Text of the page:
It’s another full length classic tale by Hamilton, Swan and Klein in Superman 158 (Jan. 63).
Super-powered thieves appear in Metropolis, men who not only can go toe to toe with Superman, but also know him, and have a grievance against him. Superman recognizes some of them, as being from the bottle city of Kandor.
Bringing Jimmy Olsen with him, for no particular reason, Superman heads to the Fortress and they descend into Kandor. Superman runs into Nor-Kann, a friend of his father’s, who informs Superman of how Than-Ol has made the Kandorians comes to blame Superman for their captivity, and how he intends to enlarge the city, despite the risks.
With everyone hating him, Superman decides to adopt a disguise for his time in Kandor, and figures Jimmy should have one as well. They name themselves after two Kryptonian birds, the Nightwing and the Flamebird. But really, they are patterning themselves on Batman and Robin.
Superman also enlists the help of Van-Zee and the Superman Emergency Squad. Van-Zee looks identical to Superman, and allows the hero to impersonate him. Sylvia, Van-Zee’s human wife, who looks identical to Lois Lane, has a cameo.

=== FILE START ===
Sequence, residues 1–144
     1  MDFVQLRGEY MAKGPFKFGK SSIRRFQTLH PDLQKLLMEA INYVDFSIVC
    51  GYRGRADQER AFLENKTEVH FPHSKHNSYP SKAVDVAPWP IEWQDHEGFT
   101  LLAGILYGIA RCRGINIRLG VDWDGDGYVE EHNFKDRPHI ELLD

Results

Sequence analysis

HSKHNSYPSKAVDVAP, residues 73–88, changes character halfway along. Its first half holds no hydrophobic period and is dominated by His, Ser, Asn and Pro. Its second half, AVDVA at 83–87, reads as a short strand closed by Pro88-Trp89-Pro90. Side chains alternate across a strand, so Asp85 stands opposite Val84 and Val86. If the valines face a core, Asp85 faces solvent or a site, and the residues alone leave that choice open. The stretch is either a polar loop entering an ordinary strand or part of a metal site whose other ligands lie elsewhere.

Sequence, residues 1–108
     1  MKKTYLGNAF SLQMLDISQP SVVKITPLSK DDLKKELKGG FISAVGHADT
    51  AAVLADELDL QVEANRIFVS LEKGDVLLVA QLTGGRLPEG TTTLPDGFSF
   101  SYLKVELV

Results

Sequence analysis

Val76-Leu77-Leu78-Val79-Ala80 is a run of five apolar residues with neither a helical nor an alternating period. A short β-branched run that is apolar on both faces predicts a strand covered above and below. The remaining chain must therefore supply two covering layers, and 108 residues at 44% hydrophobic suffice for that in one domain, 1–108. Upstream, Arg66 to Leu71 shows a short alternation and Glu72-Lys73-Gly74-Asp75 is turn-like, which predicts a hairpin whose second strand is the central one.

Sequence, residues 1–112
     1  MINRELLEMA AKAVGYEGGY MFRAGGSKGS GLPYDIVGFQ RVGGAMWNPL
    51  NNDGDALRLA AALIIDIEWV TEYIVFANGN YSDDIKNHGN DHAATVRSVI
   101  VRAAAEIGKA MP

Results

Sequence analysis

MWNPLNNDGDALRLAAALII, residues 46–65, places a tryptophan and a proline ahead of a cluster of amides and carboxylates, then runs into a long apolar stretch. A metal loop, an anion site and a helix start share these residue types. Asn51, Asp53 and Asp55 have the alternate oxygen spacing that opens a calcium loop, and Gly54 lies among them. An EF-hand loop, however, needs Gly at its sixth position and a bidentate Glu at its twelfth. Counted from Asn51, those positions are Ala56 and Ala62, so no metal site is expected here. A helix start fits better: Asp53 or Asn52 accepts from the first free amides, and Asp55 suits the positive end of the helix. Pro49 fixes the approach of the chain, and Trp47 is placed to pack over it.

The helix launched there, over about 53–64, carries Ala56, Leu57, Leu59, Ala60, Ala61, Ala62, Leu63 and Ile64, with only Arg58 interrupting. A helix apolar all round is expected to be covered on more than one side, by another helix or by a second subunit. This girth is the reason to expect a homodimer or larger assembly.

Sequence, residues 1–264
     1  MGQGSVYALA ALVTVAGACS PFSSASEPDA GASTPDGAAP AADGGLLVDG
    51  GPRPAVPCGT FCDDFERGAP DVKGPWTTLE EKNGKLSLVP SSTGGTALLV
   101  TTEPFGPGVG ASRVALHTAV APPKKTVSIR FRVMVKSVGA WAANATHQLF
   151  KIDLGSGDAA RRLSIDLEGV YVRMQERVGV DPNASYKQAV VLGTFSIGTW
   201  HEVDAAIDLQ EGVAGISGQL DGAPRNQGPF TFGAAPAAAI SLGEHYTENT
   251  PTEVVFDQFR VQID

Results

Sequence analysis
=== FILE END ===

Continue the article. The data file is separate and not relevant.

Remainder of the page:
Superman’s impersonation gets exposed, and Van-Zee dons the Nightwing costume to aid Jimmy Olsen in freeing Superman, but the two wind up getting sent into the Phantom Zone.
Superman gets him and Jimmy out of the Zone, but not before Than-Ol manages to get Kandor out of the Fortress, and enlarges it.
But as Superman knows, the enlarging process makes the atomic bonds unstable, and the city begins to disintegrate. The Kandorians will as well, but Superman shrinks them all, and puts them back into the bottle.
Early in, the Kandorians had torn down a statue of Superman. But at the end of the story, grateful that he saved their lives and city, a new pair of statues are erected, to Nightwing and Flamebird.
Nightwing and Flamebird will go on to a long life, with many variations, over the years. Van-Zee will take over the identity for quite a while in the 70s, before Dick Grayson adopts the name after shedding the Robin identity. Playing off of that, Bette Kane, the first Bat-Girl, would get re-chirstened Flamebird. A completely different version of the pair would go on to a run in Action Comics shortly before the New 52.